During these chilly winter days, nesting at home becomes the norm even for gregarious social butterflies. While it may be argued that Hong Kong has a cold winter, many can attest to the general lack of central heating in this city making it feel colder inside once the mercury dips below 10˚C. That is where carpets come into the picture. Not only can they completely change the look of a room, they can help insulate it against cold while dampening sound. Their plush pile invites bare feet to sink deep while warming frozen toes. Plus, with contemporary homes offering regulated temperatures all year around, keeping carpets looking their best has never been simpler in our subtropical climate.
Last fall, Tai Ping Carpets introduced its Epoch Collection of 17 hand-tufted rugs inspired by the modern principles of the Bauhaus movement. For the past five decades, the Hong Kong-based company has brought the crafting of custom carpets to an international arena, with new collections that are understated works of art for the home.
For Epoch, Tai Ping’s director of design Yasmina Benazzou worked with her team to evoke the lines and patterns in an avant-garde homage to the machine age. Bauhaus design rules with a rational simplicity that still inspire architects today. The forward-looking, futuristic concepts eschew superfluous decoration, and focus on the subtleties inherent in a neutral palette of grey shades with accents of blue and gold. Epoch’s fibres include wool, flax and silk, and can be customised to suit exact dimensions or other specifications.
Epoch’s 17 patterns include Archetype, a boldly graphic chevron articulated in matte textured wool and silk. The dull sheen of the silk forms a nebulous ground that makes the pattern stand apart like a contemporary labyrinth. Omission is a busy zigzag pattern that revels in contrasting black and white component to resemble a series of steps within steps. Its textures background contains threads of dull silk, and the entire carpet is framed using a unique mirrored border. Subtraction is an organic array of squiggles that play with scale, with a twisted wool background against a soothing silk in the same tonal family. And Time, a series of minimalist graded blocks in wool and flax loops, is inspired by Bauhaus textile designer Anni Albers.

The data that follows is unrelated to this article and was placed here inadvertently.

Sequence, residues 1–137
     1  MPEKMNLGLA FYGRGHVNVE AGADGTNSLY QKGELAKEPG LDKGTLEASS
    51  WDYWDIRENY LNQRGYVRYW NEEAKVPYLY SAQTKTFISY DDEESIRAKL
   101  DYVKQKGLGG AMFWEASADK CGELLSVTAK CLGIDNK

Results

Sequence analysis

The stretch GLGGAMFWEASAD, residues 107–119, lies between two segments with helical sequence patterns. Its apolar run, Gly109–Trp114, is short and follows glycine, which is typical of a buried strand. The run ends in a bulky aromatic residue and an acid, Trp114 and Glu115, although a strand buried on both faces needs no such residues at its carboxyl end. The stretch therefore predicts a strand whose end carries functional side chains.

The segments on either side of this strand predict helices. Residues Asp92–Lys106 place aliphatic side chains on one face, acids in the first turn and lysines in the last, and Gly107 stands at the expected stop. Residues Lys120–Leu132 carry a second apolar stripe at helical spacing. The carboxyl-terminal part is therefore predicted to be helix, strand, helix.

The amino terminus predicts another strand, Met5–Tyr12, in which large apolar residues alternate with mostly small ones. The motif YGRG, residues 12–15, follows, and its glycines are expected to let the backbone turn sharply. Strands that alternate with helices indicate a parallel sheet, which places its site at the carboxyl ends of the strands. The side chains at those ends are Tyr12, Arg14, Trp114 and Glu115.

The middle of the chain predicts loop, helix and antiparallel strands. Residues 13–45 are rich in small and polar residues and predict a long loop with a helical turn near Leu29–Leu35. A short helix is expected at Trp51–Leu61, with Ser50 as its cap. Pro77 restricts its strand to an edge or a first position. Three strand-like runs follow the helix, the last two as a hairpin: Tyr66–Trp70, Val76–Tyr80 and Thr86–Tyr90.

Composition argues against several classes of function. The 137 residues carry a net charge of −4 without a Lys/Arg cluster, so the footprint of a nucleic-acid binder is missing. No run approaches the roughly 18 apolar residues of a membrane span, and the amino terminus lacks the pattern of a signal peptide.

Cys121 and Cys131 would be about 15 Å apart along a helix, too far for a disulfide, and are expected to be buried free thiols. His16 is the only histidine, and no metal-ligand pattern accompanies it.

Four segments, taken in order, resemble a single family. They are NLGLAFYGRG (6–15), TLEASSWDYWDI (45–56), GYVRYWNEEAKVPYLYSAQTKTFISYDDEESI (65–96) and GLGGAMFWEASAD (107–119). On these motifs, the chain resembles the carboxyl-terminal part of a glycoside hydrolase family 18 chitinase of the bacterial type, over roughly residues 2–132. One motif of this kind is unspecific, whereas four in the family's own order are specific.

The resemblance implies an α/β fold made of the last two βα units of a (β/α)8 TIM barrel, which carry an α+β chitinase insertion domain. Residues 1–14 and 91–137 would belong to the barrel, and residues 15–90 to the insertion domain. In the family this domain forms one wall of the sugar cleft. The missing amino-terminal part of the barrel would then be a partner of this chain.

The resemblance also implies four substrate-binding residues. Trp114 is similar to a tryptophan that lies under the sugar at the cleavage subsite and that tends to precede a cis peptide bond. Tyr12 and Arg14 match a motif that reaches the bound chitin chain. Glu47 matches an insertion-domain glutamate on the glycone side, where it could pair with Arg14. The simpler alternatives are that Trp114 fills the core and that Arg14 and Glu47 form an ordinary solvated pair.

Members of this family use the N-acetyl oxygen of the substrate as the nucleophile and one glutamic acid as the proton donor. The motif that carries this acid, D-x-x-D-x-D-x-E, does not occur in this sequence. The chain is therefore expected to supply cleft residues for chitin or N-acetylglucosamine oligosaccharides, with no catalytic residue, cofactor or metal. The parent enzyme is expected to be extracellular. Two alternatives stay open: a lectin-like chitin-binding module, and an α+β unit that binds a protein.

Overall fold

Also last fall, high end Turkish carpet maker Stepevi unveiled two products: Harem and George. Founded in Istanbul in 1919 and with manufacturing facilities in the south of Turkey, Stepevi employs the centuries old traditions of Ottoman carpet making for its exclusive wool and silk fused rugs. Its shades of taupe, titanium and stone give the products a natural, effortless appeal that belies its luxury.
Harem is a blended silk over tuft carpet with a pattern that echoes the grand architecture of Ottoman palaces. Its rectilinear aesthetic alludes to the women section’s mysterious window façade. George is a blended silk cut and loop pile product with an abstract pattern that uses two yarns to showcase their respective qualities of beauty and strength. Both products employ Stepevi’s undertoned design style, with its highly textural qualities.
Lastly, Netherlands-based Carpet Sign (also available at Kitchens+Interiors in Central) has made a name for itself by blending unique structure and colour combinations to decadent ends. Carpet Sign boasts five striking, multi-textured bespoke lines: the chic Salinas de Maras is inspired by Peru’s Andean landscapes; the low pile wool/polyester blend Metropolis Design has a distinctly urban personality; Caméléon’s multi-toned tuft is crafted from pure New Zealand wool for a super-soft feel underfoot; Connect mixes cut and loop pile for a high contrast, contemporary finish; and Atlantique is designed to work in outdoor spaces (waterproof, UV-resistant) where some warming up may be required. So no matter where you are at home, it could be time to kick off your shoes.